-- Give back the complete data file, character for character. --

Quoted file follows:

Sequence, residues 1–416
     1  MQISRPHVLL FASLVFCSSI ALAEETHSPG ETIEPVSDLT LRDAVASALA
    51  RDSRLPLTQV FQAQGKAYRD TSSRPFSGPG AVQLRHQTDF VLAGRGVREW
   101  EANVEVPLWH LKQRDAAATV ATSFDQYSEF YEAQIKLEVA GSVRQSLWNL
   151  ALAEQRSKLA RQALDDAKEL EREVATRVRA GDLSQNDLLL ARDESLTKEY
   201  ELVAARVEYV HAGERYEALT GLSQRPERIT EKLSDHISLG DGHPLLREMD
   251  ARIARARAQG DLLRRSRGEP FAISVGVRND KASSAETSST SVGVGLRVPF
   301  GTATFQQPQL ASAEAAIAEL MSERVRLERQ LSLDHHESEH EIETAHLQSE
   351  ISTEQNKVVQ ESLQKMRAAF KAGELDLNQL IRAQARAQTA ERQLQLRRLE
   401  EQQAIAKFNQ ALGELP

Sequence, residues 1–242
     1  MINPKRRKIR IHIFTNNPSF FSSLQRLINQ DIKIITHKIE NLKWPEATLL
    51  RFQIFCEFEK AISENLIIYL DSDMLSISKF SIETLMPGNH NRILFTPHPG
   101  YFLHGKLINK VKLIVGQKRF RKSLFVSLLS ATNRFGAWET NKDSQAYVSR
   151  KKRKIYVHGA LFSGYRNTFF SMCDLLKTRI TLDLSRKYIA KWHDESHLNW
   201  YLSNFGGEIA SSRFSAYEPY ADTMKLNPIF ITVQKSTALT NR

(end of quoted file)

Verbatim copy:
Sequence, residues 1–416
     1  MQISRPHVLL FASLVFCSSI ALAEETHSPG ETIEPVSDLT LRDAVASALA
    51  RDSRLPLTQV FQAQGKAYRD TSSRPFSGPG AVQLRHQTDF VLAGRGVREW
   101  EANVEVPLWH LKQRDAAATV ATSFDQYSEF YEAQIKLEVA GSVRQSLWNL
   151  ALAEQRSKLA RQALDDAKEL EREVATRVRA GDLSQNDLLL ARDESLTKEY
   201  ELVAARVEYV HAGERYEALT GLSQRPERIT EKLSDHISLG DGHPLLREMD
   251  ARIARARAQG DLLRRSRGEP FAISVGVRND KASSAETSST SVGVGLRVPF
   301  GTATFQQPQL ASAEAAIAEL MSERVRLERQ LSLDHHESEH EIETAHLQSE
   351  ISTEQNKVVQ ESLQKMRAAF KAGELDLNQL IRAQARAQTA ERQLQLRRLE
   401  EQQAIAKFNQ ALGELP

Sequence, residues 1–242
     1  MINPKRRKIR IHIFTNNPSF FSSLQRLINQ DIKIITHKIE NLKWPEATLL
    51  RFQIFCEFEK AISENLIIYL DSDMLSISKF SIETLMPGNH NRILFTPHPG
   101  YFLHGKLINK VKLIVGQKRF RKSLFVSLLS ATNRFGAWET NKDSQAYVSR
   151  KKRKIYVHGA LFSGYRNTFF SMCDLLKTRI TLDLSRKYIA KWHDESHLNW
   201  YLSNFGGEIA SSRFSAYEPY ADTMKLNPIF ITVQKSTALT NR